Travelers headed to the ticketing level of Terminal 1 at Minneapolis-St. Paul International Airport on Tuesday morning.

Glen Stubbe, Star Tribune

Flying this week? Think sardines

  • Article by: MARY LYNN SMITH
  • Star Tribune
  • November 23, 2011 - 3:11 PM

Heading home for the Thanksgiving holiday is going to pinch air travelers in more ways than one.

Passengers are paying an average of 6 percent more this year for round-trip flights during the Thanksgiving holiday and cabins will be more crowded than ever as airlines ground planes to reduce costs and keep prices up.

The financial squeeze might be even tighter for some flyers -- 10 to 15 percent more -- as airlines impose new charges and higher fees, according to travel expert Terry Trippler.

"Some baggage charges have been added or increased. Some have increased the amounts for sandwiches and drinks in coach. Some are charging more for certain seats. Some are charging just to select the seats in advance," said Trippler, who runs the travel website

Sun Country Airlines hasn't imposed new fees, but Thanksgiving travelers are probably paying about 5 percent more for fares than last year, said spokeswoman Wendy Williams Blackshaw.

Dale Wahlstrom of Plymouth said he paid about $325 to fly his daughter from Manhattan to Minnesota last year. This year, the ticket was just a little under $400, he said. He'll pay even more -- $435 -- to bring his daughter home for Christmas.

"The whole pricing structure for the airlines is so infuriating. It's like pulling a number out of a hat because you never know what you're going to get," Wahlstrom said.

"They have so many different pricing plans, you never know what it's going to cost until you get in line. You ballpark it but you never know until you get in line to buy the ticket."

But as someone who travels for business, Wahlstrom said he wasn't surprised to be paying more to bring his family home for the holidays.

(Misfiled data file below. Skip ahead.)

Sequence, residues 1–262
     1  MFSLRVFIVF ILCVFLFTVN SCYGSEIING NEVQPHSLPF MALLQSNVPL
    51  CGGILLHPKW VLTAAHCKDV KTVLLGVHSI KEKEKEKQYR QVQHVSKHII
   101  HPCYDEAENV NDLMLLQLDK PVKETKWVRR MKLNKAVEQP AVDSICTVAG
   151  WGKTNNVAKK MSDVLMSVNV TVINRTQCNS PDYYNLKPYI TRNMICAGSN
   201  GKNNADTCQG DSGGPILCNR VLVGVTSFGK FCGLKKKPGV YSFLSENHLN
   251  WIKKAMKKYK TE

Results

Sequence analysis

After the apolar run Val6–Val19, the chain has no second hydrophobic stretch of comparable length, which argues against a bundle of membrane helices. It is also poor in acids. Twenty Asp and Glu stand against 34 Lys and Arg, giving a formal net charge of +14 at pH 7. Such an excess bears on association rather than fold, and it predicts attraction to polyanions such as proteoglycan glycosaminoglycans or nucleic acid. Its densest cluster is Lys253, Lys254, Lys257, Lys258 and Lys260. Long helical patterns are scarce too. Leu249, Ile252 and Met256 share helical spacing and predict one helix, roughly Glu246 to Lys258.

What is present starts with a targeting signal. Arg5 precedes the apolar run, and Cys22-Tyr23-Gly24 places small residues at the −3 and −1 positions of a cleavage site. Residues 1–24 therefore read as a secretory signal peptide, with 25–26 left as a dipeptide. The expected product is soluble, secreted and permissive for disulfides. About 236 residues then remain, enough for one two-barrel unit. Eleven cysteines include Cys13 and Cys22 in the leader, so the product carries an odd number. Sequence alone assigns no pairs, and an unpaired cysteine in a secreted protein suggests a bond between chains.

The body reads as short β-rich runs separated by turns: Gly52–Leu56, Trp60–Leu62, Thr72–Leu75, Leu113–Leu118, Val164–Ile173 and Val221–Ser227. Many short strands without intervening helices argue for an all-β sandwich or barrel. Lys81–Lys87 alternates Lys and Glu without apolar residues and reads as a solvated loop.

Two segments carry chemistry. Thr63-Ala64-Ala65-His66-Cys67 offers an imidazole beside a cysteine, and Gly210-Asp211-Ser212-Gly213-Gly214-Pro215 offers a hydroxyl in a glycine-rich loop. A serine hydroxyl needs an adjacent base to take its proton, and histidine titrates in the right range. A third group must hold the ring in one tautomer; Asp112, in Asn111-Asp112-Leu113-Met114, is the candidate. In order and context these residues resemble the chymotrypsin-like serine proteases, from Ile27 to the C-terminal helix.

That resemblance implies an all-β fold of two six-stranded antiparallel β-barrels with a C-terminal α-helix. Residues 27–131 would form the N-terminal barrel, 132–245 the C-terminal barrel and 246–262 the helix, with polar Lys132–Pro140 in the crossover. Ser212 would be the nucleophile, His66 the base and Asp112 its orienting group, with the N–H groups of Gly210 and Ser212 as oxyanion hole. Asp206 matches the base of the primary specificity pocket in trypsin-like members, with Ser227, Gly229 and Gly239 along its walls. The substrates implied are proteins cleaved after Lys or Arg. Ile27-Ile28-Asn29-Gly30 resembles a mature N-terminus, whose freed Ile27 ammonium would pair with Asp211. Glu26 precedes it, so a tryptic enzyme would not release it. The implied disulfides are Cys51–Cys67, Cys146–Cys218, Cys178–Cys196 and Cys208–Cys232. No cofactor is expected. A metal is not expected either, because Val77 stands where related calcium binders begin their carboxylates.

"I'll just take it out of their Christmas presents," he joked.

Many holiday travelers figure the pricier airline tickets may be their only option.

"Some travelers figure by the time we fill up the Navigator and drive across country, meals will cost you more, hotels will cost you more and gas is higher," Trippler said. "The advantage the airlines have is that it's not less expensive to drive."

"What people are telling me is if they want to see grandma, they're still going to but they may not be going to Las Vegas this year," he said.

"They're not taking that extra trip. They went up north this year rather than taking a trip by air. I think a lot of people are looking at this economy and saying you can't count on anything. So if you want to see family or friends, they just do it."

Elbow to elbow

Although some experts forecast a slight drop in the number of air passengers this holiday, don't expect to find many empty seats on the plane.

Capacity cutbacks mean that travelers will find jets about as full as in record-setting 2010, even as the Air Transport Association trade group projects fewer people will fly during the 12-day travel period bracketing the Nov. 24 holiday.

United, Continental Holdings and American Airlines, the three largest U.S. carriers, said available seats would be reduced at least 3 percent this quarter. Delta said its trim would be as much as 5 percent.

"We're taking a lot more aggressive approach" to thin out flights on slower Thanksgiving-week travel days than in 2010, United Chief Revenue Officer Jim Compton told analysts during a conference call last month.

"There will be fewer people milling around in the concourse, but the plane is going to be full because there will be fewer planes," Trippler said.

"It's going to be love thy neighbor holiday weekend because you're probably going to be sitting alongside someone."

Thanksgiving travelers also can look forward to stuffed overhead bins and under-seat storage areas as passengers bring more bags into the cabin to avoid those fees, CEO Rick Seaney said.

"Sardines would probably be less packed," Seaney said. "People will be carrying everything they can."

Staff writer Wendy Lee and Bloomberg News contributed to this report. Mary Lynn Smith • 612-673-4788


Average price of 2010 fourth quarter for airfare nationwide, according to


average domestic round-trip, according to


Airline 2010 2011 change

United $698 $816 17%

American $623 $712 14%

Jet Blue $543 $618 14%

Delta $648 $729 13%

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